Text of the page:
European Organization for Nuclear Research (CERN) informedthat the Large Hadron Collider will re-launch on July 5. After a three-year break for maintenance and modernization, the collider will operate with tripled energy: 13.6 trillion electron volts. According to CERN, this will achieve such accuracy and new perspectives for scientific discoveries as never before.
The Large Hadron Collider, located in a ring shaft at a depth of 100 meters on the border of France and Switzerland, is the world’s most powerful nuclear accelerator. Its new launch will be dedicated to the decade since the discovery of the Higgs boson – an elementary particle that has been called the “particle of God” because it could explain how all other atoms in the development of the Universe began to interact with each other. Physicist Peter Higgs predicted the existence of such a particle back in the 1960s, but at that time, science did not have powerful enough tools to detect the boson empirically. The Large Hadron Collider was built, among other things, for his search, which was successful on July 4, 2012, and in 2013 Peter Higgs won the Nobel Prize in Physics.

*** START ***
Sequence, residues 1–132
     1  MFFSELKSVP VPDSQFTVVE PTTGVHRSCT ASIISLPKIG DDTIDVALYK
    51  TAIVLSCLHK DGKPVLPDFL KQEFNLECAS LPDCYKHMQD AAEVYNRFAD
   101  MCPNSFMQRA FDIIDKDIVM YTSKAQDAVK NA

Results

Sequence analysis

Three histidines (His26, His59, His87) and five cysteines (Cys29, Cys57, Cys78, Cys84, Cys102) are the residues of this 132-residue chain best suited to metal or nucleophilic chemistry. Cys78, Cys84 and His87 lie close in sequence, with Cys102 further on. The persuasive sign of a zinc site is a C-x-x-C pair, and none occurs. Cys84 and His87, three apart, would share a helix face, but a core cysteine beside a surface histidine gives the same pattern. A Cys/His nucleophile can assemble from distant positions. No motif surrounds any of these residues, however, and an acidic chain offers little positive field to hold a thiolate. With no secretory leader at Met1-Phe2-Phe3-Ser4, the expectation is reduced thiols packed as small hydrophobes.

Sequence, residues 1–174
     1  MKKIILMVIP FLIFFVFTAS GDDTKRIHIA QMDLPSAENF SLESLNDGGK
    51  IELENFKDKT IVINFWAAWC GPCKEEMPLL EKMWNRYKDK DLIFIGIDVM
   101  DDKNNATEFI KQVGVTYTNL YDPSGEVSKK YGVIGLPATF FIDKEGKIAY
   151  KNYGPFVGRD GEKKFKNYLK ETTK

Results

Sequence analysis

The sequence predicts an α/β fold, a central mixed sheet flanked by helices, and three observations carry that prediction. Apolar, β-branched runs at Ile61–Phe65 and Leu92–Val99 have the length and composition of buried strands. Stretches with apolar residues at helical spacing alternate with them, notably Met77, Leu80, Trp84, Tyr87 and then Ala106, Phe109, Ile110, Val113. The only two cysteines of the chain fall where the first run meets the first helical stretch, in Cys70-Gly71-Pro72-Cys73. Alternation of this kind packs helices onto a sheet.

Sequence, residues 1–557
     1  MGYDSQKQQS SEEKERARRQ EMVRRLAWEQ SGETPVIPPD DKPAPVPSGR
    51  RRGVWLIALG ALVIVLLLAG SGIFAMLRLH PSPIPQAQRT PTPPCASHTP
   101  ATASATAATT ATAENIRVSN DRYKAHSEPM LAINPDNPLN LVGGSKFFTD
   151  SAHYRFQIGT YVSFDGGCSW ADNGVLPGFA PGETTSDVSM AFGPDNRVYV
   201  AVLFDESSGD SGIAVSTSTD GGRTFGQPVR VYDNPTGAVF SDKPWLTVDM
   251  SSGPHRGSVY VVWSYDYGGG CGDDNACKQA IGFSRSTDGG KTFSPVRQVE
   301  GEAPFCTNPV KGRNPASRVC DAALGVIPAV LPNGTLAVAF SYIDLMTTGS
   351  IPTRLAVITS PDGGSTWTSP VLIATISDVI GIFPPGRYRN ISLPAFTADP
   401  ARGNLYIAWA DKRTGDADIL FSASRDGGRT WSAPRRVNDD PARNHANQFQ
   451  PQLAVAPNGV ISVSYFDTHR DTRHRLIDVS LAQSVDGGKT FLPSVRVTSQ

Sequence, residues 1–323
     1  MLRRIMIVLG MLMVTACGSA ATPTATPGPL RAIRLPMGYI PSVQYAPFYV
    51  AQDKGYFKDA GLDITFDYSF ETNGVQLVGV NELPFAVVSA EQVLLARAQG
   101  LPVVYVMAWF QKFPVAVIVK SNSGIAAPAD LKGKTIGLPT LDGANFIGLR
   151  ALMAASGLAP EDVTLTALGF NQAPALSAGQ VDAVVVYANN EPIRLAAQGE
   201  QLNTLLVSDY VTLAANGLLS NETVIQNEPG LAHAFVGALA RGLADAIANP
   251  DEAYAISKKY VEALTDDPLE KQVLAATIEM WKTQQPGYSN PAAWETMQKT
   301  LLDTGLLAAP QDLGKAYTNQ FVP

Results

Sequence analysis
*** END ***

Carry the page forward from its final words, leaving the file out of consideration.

In this and subsequent years at the Large Hadron Collider are planning continue to study the properties of the Higgs boson, including those that were not previously available for observation due to insufficient power and accuracy. In addition, scientists will be able to study the properties of matter at extreme temperatures and densities, and conduct research in the field of matter and antimatter, CERN said in a statement.